White Crow dances into the life of Rudof Nureyev

White Crow

There’s no doubt Rudof Nureyev was a great dancer. He just didn’t have patience with rules, limitations and hierarchical order and could be violent.

The White Crow, inspired by the book Rudolf Nureyev: The Life by Julie Kavanagh chronicles his life and dance career.

The title is a reference to his childhood moniker of white crow (with a somewhat similar meaning to “black sheep” in English, because he was very unusual.

The dancer is played by Oleg Ivenko. This is his first major role.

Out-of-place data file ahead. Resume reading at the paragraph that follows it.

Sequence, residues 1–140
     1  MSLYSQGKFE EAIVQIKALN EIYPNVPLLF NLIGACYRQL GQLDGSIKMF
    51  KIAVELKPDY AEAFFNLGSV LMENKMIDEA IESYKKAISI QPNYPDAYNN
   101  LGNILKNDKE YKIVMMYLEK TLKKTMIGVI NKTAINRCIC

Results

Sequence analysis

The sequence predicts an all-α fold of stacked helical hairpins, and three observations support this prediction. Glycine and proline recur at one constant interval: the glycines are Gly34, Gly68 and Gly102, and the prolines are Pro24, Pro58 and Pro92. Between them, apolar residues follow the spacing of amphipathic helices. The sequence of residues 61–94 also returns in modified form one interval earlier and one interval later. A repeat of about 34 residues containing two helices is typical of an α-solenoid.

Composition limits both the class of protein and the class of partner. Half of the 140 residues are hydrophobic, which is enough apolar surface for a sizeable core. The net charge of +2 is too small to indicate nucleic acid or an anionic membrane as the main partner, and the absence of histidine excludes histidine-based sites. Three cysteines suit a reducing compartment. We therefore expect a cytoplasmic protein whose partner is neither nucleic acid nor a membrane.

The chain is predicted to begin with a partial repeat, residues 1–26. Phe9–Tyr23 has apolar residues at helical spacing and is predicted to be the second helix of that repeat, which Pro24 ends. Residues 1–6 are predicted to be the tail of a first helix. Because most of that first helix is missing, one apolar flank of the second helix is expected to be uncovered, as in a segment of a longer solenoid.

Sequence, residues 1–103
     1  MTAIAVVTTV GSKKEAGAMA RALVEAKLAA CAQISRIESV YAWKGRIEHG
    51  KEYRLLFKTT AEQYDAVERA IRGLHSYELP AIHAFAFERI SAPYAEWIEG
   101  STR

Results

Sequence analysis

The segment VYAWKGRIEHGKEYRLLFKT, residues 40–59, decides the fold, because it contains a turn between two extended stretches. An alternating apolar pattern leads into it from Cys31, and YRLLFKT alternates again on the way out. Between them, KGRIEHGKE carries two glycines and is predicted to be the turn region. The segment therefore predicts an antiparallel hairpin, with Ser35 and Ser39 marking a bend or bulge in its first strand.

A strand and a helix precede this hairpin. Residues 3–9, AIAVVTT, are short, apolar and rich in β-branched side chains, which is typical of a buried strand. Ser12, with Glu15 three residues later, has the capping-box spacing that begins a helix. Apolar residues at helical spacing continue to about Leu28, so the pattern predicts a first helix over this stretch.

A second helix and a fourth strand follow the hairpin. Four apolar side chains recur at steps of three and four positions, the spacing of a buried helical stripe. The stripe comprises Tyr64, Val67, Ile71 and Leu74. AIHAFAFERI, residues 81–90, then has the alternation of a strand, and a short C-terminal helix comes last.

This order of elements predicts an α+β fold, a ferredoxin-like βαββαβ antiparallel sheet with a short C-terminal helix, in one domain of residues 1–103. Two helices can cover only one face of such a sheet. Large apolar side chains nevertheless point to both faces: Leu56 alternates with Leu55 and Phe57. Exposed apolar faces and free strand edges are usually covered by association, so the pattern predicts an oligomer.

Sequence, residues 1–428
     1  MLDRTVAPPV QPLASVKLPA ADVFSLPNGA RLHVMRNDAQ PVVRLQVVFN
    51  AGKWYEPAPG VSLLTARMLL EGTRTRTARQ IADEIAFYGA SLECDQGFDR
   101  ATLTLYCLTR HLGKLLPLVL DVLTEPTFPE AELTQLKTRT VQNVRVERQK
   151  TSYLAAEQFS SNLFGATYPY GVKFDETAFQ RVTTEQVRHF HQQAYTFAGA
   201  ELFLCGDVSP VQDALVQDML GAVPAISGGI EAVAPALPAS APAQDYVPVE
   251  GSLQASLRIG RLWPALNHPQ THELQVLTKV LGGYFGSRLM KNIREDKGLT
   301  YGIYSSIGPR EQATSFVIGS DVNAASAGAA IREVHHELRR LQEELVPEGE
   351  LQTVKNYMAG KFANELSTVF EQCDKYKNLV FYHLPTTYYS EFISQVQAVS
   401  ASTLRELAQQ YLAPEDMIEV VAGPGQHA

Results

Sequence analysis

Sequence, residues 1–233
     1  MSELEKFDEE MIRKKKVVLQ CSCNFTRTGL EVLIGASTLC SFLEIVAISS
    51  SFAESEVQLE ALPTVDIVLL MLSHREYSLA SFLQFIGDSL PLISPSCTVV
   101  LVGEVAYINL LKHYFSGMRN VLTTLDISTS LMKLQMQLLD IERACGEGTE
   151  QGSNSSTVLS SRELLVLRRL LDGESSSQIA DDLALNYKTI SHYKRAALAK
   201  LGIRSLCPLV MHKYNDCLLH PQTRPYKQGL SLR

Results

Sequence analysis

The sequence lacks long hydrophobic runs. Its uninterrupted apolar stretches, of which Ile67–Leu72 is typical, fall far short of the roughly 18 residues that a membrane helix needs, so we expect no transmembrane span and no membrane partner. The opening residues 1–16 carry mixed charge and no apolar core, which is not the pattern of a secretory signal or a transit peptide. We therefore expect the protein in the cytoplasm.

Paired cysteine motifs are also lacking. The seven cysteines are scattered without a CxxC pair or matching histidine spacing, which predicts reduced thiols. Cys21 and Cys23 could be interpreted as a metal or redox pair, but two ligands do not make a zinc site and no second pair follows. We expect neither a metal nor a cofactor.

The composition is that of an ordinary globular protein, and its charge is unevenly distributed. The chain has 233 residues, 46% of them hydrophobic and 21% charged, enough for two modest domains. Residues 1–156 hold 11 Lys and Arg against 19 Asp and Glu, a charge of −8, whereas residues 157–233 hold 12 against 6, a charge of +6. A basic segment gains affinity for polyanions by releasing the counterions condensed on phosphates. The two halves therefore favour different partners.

Nureyev was regarded by some as the greatest male ballet dancer of his generation.

He was born on a Trans-Siberian train near Irkutsk, Siberia, Soviet Union to a Bashkir-tatar family. He defected from the Soviet Union to the West in 1961, despite KGB efforts to stop him.

He’s probably best known for dancing with The Royal Ballet in London. Later he would serve as director of the Paris Opera Ballet from 1983 to 1989. He also produced his own interpretations of classical works like “Swan Lake” and “Giselle.”

Nureyev tested positive for AIDS in 1984 and died Jan. 6, 1993.

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